The research was approached from an interpretivist perspective. The assumption of this paradigm considered to be particularly significant in relation to this research project is -

We need to search 'for the systems of meaning that actors use to make sense of their world' (Sarantakos, 1993, p.36)
The intention of the research was to attempt to construct a joint understanding between the participants and the researcher about the children's experience of home schooling and the meaning it has for them.


Two home-schooled children participated in the gathering of data. Thus the number of participants is small and this is acknowledged as a limitation. At the time of participation Participant A had been home-schooled for approximately eighteen months and Participant B, although returning on two occasions for short periods of time to a mainstream school, had been home-schooled for four and a half years. Although both were girls, age and stage of development were the only essential criteria in their selection as participants for data collection. Participant A was 13 years of age and Participant B was 12 years of age. Both girls would be in year eight in a mainstream school setting.

Children making the transition out of childhood could be considered to view their schooling experience quite differently to children still in middle childhood or those who have reached adolescence. According to Peterson (1989, p.307), the transition out of childhood offers '.... the new set of privileges and demands which define a semi-adult social status, while also heralding in major physical and psychological changes....'. The possibility that the participants for this research could be in the process of readjusting their interpretation and understanding of their schooling experience to fit in with the internal and external changes they are encountering has therefore been given consideration in this report.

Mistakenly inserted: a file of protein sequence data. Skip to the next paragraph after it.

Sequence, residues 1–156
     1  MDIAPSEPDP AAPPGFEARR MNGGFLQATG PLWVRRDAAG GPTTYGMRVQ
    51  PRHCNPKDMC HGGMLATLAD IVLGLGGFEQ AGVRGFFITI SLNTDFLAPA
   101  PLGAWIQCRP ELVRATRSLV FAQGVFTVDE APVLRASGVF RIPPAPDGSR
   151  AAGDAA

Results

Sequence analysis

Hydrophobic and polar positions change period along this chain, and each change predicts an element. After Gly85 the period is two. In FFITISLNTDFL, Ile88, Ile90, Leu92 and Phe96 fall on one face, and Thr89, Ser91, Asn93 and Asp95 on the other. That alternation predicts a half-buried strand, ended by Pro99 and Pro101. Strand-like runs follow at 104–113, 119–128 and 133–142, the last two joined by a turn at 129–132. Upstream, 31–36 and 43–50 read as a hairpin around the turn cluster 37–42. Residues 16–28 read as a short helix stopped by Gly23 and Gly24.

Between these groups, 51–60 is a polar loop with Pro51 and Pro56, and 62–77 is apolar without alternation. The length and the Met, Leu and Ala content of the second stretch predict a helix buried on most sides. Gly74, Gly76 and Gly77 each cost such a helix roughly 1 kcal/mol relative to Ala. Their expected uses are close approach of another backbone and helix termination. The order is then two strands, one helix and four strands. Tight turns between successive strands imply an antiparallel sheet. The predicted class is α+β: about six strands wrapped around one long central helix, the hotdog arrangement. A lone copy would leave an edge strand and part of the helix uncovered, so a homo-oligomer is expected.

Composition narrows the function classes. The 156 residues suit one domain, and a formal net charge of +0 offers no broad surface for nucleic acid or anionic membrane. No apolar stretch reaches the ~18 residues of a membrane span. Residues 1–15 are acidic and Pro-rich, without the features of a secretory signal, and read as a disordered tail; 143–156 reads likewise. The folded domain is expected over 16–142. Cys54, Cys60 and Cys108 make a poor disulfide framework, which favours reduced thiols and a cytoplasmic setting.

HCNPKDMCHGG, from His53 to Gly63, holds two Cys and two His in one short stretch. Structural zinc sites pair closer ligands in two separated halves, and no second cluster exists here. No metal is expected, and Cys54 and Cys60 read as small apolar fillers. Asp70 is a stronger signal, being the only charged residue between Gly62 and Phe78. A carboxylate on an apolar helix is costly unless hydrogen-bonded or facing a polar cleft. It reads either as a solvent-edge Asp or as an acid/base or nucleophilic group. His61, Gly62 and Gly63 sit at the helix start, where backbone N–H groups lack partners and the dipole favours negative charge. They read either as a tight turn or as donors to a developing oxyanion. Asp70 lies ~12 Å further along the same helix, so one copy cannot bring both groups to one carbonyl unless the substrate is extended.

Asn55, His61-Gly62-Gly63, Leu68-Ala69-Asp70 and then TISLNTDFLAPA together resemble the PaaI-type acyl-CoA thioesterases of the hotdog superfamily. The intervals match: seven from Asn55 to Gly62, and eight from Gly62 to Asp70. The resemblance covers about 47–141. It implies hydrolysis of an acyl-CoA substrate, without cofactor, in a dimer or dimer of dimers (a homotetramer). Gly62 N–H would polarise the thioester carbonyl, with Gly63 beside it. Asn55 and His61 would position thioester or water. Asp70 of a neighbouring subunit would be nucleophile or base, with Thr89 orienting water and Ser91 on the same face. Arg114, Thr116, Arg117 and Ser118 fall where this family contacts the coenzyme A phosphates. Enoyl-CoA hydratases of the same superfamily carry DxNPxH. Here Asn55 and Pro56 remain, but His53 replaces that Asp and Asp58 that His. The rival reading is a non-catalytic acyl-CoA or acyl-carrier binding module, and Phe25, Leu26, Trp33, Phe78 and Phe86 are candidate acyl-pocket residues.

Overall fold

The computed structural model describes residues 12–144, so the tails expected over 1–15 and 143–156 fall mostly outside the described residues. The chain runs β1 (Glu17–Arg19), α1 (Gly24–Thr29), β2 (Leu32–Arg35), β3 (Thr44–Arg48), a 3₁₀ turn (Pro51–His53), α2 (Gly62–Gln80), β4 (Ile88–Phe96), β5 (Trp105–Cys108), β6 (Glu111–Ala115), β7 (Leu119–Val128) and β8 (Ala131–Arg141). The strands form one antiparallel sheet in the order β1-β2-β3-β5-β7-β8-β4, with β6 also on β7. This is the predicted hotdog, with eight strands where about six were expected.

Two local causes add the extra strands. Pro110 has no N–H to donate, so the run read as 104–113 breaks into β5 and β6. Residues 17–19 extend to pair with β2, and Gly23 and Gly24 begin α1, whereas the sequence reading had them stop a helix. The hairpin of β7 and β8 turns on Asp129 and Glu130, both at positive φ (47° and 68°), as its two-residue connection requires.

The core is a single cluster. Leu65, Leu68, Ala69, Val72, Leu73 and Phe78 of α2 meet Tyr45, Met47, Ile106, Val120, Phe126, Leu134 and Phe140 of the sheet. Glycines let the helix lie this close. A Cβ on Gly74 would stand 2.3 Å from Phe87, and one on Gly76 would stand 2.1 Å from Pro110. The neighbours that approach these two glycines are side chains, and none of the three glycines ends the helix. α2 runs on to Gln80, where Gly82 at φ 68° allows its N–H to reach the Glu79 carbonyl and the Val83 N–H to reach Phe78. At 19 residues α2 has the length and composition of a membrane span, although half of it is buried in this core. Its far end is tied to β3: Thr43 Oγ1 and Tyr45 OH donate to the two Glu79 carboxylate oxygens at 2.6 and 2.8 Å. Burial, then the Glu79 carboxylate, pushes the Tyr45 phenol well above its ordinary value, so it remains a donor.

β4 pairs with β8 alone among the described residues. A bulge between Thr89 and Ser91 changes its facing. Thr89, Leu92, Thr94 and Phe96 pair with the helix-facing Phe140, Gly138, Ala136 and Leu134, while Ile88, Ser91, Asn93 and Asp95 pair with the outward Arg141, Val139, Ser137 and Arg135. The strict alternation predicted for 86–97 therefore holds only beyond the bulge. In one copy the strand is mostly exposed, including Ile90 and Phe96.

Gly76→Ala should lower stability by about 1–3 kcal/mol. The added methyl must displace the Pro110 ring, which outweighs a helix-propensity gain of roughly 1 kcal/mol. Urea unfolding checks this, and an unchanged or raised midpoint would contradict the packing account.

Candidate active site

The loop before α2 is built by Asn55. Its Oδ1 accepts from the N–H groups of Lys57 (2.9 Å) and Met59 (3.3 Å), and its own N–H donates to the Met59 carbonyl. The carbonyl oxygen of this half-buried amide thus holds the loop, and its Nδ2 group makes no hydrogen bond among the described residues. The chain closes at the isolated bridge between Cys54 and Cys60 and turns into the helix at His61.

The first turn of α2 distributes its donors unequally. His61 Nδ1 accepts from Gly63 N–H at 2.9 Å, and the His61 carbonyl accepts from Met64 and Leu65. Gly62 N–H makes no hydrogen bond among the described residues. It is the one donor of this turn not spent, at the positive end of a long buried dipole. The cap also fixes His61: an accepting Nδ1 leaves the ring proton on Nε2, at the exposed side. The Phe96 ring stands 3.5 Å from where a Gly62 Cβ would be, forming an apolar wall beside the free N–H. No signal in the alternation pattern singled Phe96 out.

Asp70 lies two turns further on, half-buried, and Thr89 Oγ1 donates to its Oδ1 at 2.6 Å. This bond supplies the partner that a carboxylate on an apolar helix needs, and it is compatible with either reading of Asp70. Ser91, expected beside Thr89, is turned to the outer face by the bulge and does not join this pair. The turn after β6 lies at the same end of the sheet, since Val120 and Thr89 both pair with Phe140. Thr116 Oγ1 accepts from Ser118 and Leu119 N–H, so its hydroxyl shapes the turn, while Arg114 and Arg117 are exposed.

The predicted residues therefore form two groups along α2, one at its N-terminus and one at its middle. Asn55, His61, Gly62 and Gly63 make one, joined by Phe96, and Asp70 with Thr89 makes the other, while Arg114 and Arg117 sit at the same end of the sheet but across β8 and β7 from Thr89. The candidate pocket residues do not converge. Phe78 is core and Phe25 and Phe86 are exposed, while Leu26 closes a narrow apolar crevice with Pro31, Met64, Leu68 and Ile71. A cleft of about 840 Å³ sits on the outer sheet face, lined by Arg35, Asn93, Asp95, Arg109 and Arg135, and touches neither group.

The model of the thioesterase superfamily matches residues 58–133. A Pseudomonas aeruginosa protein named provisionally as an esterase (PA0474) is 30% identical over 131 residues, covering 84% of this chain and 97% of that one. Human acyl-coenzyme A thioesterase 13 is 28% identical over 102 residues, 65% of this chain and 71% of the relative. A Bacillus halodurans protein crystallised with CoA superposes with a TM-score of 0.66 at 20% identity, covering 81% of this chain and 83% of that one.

Although it was the intention to enter this research project without any expectations, the assumption that participants may be adjusting the way they view their schooling experience was considered to be acceptable. The reason for this acceptance was that the expectation was not one of outcome, but rather of what may be influencing the way the participants were interpreting and understanding their experience at the particular point in time when the research was being conducted.

Method and materials for collecting data

Data were collected using a semi-structured interview. This form of interview was selected because of the degree of freedom it allows for the interviewer to probe answers and follow-up themes as they emerge in the interview (Berg, 1989, p.17). Interviews were taped.

A list of thirty open-ended questions was prepared. The initial questions focused on broader issues such as when and why the participants began their homeschooling and what a typical school day involves for them. The questions then addressed more specific issues such as what they liked or disliked about their schooling experience, the extent of both their own and others' involvement in that experience, and the interrelationships between those people. The participants were then questioned about social activities and friendships outside of the home. The interview was completed with a focus on the participant's perception of homeschooling generally.


As is common in qualitative research, data analysis began during the actual interviews. Themes began to emerge and the process of finding meaning in the information being gathered began.